We received a call on July 14ththat the Island of Ninoshima located in Hiroshima City and nearby Mihara City were in dire need of food, water and drinks. Within hours we confirmed what was needed and when it could be delivered. On the morning of July 16thwe delivered 4 tons of aid to these cities. We were able to meet the mayor of Mihara and the local official in charge of Ninoshima. It was thanks to the support of Global Giving that we were able to act quickly knowing that our supporters had a platform they could safely get funds to us.

We continued to provide aid to disaster areas in Hiroshima and Okayama prefectures. Our 4-ton truck has made eight trips to the region delivering food, drinks, and water to those affected by the flooding. We worked with NGOs, churches, and local government authorities to get the right aid to the right people at the right time. While most roads were quickly reopened, infrastructure supporting sewage and fresh water were heavily damaged and remained not fully functionally until only recently. Those affected by the floods looked to our drinks and water for support. 

The NGOs, churches and local government officials used our aid to facilitate communication with those whose houses were damaged, but had chosen to stay rather than seek housing elsewhere. While the reasons for staying vary with each household, it did create challenges and concerns for those responding to the flooding. The first concern was the safety of those still living in their damaged homes. Typhoons and heavy rain continued hit the region throughout summer and already saturated area could not absorb more. This led to an increase risk of sudden flooding. The second concern was the heat and humidity. While people were doing their best to remove debris from their houses, staying hydrated became a continual challenge. Lastly, there was concern that survivors may feel isolated and distraught over the series of flooding that had occurred. Many of those affected by the flooding are elderly and feel especially vulnerable. Our aid provided a reason for those groups to follow up with households they deemed at risk.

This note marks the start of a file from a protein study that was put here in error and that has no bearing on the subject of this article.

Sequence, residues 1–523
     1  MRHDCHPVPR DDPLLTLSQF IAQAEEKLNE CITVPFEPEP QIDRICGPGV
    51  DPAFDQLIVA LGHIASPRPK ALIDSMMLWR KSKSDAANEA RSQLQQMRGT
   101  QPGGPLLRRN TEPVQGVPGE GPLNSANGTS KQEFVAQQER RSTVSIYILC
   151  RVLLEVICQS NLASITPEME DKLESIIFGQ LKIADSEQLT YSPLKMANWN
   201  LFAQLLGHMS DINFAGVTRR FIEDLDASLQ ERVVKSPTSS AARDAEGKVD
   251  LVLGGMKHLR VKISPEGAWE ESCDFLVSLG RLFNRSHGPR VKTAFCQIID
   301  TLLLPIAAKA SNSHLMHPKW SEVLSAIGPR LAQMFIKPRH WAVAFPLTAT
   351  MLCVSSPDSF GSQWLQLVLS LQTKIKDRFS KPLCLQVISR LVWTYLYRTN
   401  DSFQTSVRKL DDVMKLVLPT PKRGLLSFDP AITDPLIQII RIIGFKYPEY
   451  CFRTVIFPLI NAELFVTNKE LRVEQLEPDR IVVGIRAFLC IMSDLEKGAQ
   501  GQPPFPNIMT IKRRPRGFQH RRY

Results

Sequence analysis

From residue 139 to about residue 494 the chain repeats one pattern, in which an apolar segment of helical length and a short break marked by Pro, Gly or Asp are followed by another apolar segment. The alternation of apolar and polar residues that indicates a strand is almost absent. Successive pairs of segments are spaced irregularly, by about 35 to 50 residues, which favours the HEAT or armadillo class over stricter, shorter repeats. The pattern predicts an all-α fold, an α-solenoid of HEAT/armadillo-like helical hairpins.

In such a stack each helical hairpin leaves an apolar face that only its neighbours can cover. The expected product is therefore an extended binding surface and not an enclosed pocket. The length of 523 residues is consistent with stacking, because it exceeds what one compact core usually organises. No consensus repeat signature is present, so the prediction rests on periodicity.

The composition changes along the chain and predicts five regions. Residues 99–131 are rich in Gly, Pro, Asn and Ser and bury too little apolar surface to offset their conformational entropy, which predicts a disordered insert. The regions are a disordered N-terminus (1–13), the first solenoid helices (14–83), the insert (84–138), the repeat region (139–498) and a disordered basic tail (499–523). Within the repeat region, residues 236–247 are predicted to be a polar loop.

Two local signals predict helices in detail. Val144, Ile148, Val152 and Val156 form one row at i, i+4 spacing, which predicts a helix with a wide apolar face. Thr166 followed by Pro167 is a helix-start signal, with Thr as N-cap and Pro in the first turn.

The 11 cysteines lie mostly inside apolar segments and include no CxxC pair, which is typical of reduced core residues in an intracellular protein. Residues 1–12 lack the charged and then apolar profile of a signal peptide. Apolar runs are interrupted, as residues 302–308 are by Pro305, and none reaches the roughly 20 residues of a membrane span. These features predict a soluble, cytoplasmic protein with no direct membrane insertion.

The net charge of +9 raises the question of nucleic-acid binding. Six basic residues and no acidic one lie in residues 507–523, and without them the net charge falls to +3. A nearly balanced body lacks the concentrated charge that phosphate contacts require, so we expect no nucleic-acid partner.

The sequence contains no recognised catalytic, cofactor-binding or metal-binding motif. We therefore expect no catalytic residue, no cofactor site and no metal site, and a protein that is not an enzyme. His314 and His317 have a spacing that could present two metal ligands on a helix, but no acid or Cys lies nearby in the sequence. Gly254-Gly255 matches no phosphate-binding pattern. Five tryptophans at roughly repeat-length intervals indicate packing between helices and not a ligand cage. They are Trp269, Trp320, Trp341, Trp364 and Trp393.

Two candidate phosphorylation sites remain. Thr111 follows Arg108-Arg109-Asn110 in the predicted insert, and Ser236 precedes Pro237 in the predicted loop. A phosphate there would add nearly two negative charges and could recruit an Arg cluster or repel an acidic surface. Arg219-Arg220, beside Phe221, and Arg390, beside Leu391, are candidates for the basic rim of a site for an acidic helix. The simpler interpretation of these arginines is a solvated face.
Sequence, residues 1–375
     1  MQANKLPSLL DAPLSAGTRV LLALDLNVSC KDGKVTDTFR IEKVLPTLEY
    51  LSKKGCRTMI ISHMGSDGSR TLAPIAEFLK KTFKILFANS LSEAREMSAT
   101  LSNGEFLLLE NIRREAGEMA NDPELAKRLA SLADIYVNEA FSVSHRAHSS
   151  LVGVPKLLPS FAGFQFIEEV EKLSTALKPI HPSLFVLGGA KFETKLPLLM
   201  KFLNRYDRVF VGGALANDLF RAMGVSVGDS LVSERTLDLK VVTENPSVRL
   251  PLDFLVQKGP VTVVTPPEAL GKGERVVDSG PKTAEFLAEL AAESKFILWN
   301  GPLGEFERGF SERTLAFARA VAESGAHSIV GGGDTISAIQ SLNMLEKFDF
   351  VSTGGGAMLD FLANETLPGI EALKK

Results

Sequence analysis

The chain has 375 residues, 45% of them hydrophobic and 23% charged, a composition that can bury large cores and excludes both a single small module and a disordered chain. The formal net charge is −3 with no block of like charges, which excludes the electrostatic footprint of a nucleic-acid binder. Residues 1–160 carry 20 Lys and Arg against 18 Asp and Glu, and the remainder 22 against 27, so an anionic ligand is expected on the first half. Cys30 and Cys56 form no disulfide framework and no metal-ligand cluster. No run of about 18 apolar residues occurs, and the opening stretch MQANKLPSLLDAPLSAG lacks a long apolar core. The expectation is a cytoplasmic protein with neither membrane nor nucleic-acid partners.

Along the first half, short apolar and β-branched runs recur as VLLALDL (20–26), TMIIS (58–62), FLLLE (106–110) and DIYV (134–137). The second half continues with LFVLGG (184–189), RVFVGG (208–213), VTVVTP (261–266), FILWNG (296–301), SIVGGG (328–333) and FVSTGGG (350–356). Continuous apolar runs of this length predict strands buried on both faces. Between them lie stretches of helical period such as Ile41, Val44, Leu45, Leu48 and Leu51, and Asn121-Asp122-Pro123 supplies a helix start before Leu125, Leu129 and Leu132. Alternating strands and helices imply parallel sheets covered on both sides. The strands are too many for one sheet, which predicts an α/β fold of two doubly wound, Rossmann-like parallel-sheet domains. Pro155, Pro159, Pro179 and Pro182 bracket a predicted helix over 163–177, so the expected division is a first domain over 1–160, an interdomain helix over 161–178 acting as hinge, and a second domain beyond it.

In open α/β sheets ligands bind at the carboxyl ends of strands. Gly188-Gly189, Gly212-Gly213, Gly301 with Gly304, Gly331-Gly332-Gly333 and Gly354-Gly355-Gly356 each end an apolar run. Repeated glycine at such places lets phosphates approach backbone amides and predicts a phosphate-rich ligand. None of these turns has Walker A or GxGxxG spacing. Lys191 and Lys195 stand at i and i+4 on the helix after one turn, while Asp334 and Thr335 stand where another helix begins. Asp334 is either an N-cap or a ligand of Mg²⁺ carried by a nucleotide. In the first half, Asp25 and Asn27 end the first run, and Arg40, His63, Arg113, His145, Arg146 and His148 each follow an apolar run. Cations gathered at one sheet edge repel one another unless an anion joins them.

Funds were also used to move 10,000 portions of rice from Fukushima directly to the disaster areas as well as our warehouse in Tokyo. We use the rice when we send care packages to households in the disaster region. This is an interesting connection because Fukushima was badly hit during the triple disasters of 2011. Through the Global Giving funds, we were able to assist those in Fukushima to provide aid to those Western Japan. In a sense, to help them give back to those who assisted them in 2011.

Phase 1 ended on September 30th. The focus of this phase was to provide large amounts of aid to NGOs, churches, and local governments for further distribution to shelters, temporary housing, and those who have stayed their home. Phase 2 started on October 1stand will run through March 2019.

Mihara City disaster aid center
Mihara City disaster aid center
Ninoshima Island Leader, 2hj CEO, and volunteers
Ninoshima Island Leader, 2hj CEO, and volunteers
Unloading aid in Ninoshima
Unloading aid in Ninoshima
Water distribution in Uwajima
Water distribution in Uwajima
Water distribution in Uwajima
Water distribution in Uwajima

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Organization Information

Second Harvest Japan

Location: Taito-ku, Tokyo - Japan
Website:
Facebook: Facebook Page
Twitter: @2hj_en
Project Leader:
Charles McJilton
Taito-ku, Tokyo Japan

Funded Project!

Combined with other sources of funding, this project raised enough money to fund the outlined activities and is no longer accepting donations.